Landulf II of Capua
Landulf II (c. 825 – 879) was Bishop and Count of Capua. He was the youngest of four sons of Landulf I, gastald of Capua. As a young man, he entered the church. When his father died, his eldest brother, Lando, succeeded him.
On the death of the bishop of Capua, Paulinus, Lando made Landulf bishop of the city. Lando died in 861 and his young son, Lando II was deposed only a few months later by Landulf's other elder brother, Pando. Pando too died soon thereafter (862 or 863) and a succession crisis broke out. Pando's son Pandenulf was shoved aside and Landulf, though bishop, took the Capuan throne in 863. However, the other branches of the family refused to recognize the usurpation and began seizing much of the county for themselves, leaving Landulf II only in control of the town of Capua proper. Isolated, Landulf II invited Saracen mercenaries to ravage the lands of his familiars, a move which much alarmed his neighbors (including the pope).
In 866, the deposed Pandenulf appealed to Emperor Louis II, then visiting Monte Cassino, to act against his uncle. The Emperor promptly besieged Capua and divested Landulf II, but instead of restoring Pandenulf, decided to pass the county of Capua over to the marquis Lambert I of Spoleto. This arrangement did not last long. In 871, Lambert was involved in a rebellion against Louis II orchestrated by Adelchis of Benevento. In the aftermath, Louis II deposed Lambert and restored Landulf II as count of Capua. As a condition, Landulf II swore off deploying Saracens in the county.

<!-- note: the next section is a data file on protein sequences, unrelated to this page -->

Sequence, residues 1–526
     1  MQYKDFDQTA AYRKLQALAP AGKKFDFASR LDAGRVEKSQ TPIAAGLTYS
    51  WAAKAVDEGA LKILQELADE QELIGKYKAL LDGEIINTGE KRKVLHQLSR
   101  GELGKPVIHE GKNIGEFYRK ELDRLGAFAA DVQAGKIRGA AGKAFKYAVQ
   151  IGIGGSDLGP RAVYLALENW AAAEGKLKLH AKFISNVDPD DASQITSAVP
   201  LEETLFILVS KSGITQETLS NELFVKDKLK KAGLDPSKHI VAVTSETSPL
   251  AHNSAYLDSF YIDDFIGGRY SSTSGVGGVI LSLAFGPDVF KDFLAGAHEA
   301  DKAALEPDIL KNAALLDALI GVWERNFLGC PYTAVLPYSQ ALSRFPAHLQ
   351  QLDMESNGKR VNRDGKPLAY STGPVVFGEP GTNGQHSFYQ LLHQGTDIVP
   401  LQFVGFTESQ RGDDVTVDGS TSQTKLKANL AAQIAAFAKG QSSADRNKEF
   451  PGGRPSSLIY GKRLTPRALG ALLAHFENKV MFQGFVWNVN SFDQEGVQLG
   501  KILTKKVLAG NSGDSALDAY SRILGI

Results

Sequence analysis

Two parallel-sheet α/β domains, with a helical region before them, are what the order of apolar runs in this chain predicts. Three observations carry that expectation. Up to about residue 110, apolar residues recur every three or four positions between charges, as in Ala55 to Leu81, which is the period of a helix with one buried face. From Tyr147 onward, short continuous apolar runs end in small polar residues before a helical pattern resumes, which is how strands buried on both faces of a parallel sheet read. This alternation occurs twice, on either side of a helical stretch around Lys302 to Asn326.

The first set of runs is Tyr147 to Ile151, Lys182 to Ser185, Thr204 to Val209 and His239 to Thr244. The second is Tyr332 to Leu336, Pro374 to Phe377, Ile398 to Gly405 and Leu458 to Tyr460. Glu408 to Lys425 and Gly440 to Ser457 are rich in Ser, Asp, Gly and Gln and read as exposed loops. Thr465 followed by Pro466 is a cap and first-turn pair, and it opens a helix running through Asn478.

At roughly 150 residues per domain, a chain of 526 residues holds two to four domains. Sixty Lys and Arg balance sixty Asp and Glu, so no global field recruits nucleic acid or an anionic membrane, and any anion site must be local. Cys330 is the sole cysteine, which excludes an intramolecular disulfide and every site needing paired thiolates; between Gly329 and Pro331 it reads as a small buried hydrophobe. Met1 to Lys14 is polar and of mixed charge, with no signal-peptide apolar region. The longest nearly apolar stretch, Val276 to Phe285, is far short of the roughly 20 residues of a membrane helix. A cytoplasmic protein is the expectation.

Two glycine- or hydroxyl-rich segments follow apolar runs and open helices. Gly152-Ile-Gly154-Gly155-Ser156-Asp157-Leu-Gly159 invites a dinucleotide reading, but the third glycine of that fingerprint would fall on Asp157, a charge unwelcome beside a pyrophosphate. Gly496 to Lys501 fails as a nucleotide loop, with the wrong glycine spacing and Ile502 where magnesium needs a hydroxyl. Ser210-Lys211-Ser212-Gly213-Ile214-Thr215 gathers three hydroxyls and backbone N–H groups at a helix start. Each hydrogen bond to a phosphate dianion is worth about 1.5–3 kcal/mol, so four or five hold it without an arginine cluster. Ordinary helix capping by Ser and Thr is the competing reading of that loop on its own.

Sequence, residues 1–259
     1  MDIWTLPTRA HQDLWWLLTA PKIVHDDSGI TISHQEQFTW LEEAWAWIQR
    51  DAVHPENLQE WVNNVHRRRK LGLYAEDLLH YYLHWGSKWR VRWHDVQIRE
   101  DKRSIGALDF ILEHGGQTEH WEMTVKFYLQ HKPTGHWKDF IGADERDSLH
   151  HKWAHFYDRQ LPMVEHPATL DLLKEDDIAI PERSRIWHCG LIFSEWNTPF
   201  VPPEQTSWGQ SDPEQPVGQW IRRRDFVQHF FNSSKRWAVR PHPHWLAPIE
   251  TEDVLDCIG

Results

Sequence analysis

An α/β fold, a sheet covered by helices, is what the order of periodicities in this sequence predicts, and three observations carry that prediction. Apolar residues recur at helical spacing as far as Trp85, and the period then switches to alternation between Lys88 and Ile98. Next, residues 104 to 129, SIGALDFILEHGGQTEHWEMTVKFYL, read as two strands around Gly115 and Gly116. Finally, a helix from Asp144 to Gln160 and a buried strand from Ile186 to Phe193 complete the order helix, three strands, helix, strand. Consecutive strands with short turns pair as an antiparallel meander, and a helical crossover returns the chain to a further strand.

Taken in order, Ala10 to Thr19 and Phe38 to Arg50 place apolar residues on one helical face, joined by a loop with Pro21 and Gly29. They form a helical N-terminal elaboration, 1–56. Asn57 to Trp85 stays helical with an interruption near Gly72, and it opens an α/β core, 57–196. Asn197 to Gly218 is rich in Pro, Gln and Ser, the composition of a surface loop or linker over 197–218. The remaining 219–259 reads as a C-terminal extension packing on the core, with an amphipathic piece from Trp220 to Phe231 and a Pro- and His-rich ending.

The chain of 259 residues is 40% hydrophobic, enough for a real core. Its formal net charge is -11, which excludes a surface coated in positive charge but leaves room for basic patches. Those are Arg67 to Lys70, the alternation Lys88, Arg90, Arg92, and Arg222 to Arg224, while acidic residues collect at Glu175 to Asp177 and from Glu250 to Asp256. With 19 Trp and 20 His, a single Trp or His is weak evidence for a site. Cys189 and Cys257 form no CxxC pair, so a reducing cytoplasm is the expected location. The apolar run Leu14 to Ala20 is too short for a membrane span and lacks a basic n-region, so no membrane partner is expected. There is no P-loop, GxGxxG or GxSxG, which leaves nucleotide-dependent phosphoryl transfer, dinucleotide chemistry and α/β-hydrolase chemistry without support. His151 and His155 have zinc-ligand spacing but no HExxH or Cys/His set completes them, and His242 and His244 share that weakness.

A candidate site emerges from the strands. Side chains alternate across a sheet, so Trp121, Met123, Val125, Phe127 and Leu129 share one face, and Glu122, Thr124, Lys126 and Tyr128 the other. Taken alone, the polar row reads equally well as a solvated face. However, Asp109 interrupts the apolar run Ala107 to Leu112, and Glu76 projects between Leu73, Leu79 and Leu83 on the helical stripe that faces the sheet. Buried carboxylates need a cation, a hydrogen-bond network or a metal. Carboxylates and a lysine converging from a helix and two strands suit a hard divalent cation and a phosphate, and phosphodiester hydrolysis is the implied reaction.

Upon the death of Louis (875), who had strictly enforced peace amongst the Christians of the Mezzogiorno, Landulf II allied himself with the Saracens, but in 877, Pope John VIII convinced him to ally himself to the papacy against the Muslims. He spent the next years defending the Amalfi Coast with his navy in return for tribute.
Landulf II died in 879, undisputed count of Capua, and a succession crisis broke out again between his nephews Lando II (son of Lando), Pandenulf (son of Pando) and Lando III (son of Landenulf of Teano).
In the chronicle of Erchempert, of whom he was a contemporary, Landulf II of Capua is the chief villain, portrayed as a dabbler in Satanism and black magic, Saracen ally and enemy of Christendom. Erchempert's portrayal of Landulf II was the inspiration for the character of evil duke and magician Klingsor in Wolfram von Eschenbach's medieval epic Parzival. Eschenbach's epic was later translated into the famous nineteenth-century opera Parsifal by Richard Wagner. As American film director George Lucas is frequently said to have looked to Parsifal for inspiration in his creation of the Star Wars saga, Landulf II of Capua, via this long chain of association, is the closest historical source for the villainous Darth Vader.